His one burning ambition was to retire at thirty five

and travel the world in a manner he would

like to become accustomed to.

But the world conspired against him,

overworked and underpaid, and management

didn’t accept his pushy style.

All alone on his thirty fifth birthday

he admitted failure, and hanged himself.

Entry # 5 – My Fair Children

Mother was a woman of ample proportions. Her personality likewise was never mistaken for uncertainty nor ambivalence. That is until she met her second husband, Professor Higgins. No quiet lamb was he, I assure you. “Give me a boy and I’ll make him a man”, he asserted with grand ambition.

Simply amazing was his amplitude, the way he kept on and on at us, to make us in his image. Until at last, after two whole months, on the eve of the Royal Gala, she did it. Casting aside all ambiguity, she screamed “Admit it! You’ve inherited thirteen daughters!”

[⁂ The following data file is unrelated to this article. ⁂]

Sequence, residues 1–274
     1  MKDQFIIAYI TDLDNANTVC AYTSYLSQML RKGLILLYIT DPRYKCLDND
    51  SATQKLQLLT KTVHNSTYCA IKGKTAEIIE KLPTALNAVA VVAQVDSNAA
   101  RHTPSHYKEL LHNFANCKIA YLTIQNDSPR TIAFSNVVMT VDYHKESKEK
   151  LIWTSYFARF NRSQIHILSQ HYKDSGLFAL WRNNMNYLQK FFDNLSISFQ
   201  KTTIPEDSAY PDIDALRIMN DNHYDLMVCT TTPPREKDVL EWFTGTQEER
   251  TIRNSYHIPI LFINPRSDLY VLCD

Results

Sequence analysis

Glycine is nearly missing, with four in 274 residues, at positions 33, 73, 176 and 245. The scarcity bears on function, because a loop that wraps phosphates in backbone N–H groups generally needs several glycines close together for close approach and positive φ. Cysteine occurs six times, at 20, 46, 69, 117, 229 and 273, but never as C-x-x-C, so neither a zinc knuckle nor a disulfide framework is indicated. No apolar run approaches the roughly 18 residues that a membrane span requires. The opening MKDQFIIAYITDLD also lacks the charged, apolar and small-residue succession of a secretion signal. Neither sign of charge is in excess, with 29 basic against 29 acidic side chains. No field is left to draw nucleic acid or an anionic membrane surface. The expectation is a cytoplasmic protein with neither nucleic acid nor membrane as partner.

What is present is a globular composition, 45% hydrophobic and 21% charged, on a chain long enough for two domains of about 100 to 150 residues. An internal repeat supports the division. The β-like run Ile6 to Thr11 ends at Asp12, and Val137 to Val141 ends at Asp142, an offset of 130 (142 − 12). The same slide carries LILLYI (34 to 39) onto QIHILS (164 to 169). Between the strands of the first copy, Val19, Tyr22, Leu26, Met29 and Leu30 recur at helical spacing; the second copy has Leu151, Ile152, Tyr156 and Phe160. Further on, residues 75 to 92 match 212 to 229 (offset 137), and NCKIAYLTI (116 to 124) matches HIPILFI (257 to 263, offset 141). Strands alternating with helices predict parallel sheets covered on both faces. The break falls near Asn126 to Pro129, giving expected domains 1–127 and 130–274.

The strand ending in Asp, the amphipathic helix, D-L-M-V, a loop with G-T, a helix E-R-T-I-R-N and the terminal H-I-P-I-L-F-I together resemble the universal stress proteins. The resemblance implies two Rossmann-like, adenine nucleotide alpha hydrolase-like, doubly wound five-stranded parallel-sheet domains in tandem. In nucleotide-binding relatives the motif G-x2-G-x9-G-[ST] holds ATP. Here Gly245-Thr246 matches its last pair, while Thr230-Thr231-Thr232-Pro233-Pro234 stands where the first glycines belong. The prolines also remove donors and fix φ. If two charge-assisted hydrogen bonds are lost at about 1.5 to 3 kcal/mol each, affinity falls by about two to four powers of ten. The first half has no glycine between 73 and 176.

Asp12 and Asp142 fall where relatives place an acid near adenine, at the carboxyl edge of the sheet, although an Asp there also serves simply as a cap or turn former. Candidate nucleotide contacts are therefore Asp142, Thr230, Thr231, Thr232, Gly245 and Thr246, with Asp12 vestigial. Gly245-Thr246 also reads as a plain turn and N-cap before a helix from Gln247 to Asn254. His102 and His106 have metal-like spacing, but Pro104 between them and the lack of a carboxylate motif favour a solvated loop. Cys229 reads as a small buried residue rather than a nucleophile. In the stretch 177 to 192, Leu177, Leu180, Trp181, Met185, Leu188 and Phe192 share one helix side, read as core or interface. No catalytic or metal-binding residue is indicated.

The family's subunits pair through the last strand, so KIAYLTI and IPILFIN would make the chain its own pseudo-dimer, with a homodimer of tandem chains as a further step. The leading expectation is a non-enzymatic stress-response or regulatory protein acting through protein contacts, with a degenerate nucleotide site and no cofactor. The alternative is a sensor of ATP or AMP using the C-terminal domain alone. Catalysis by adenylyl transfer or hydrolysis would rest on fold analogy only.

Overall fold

Entry # 6 – Life in the (write) zone

Oh, my gawd! Ninety-nine words, no more and no less.  What a seemingly difficult task (and somewhat contrived, as they all are!)  Only a particularly sadistic exponent of the art of creative writing would devise such a task; perhaps there is more than one such in Ballarat. Ah, yes, ambition, it drives us all.  Whenever there is a solitary exponent of a refined art, others are certain to become emulators after an appropriate interval; a tidal movement that ebbs and flows with some unique variations in content, but traversing the same inter-tidal zone where chaotic life thrives in abundance.

Entry # 7 – 2016